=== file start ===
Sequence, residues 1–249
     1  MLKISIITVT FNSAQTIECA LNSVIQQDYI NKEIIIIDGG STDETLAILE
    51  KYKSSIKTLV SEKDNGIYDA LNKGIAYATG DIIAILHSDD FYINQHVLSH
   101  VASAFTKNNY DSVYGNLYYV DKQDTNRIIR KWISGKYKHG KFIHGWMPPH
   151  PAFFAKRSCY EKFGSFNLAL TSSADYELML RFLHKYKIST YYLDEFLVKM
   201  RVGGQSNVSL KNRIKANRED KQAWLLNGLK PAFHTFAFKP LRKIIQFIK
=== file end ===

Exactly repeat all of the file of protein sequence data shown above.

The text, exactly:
Sequence, residues 1–249
     1  MLKISIITVT FNSAQTIECA LNSVIQQDYI NKEIIIIDGG STDETLAILE
    51  KYKSSIKTLV SEKDNGIYDA LNKGIAYATG DIIAILHSDD FYINQHVLSH
   101  VASAFTKNNY DSVYGNLYYV DKQDTNRIIR KWISGKYKHG KFIHGWMPPH
   151  PAFFAKRSCY EKFGSFNLAL TSSADYELML RFLHKYKIST YYLDEFLVKM
   201  RVGGQSNVSL KNRIKANRED KQAWLLNGLK PAFHTFAFKP LRKIIQFIK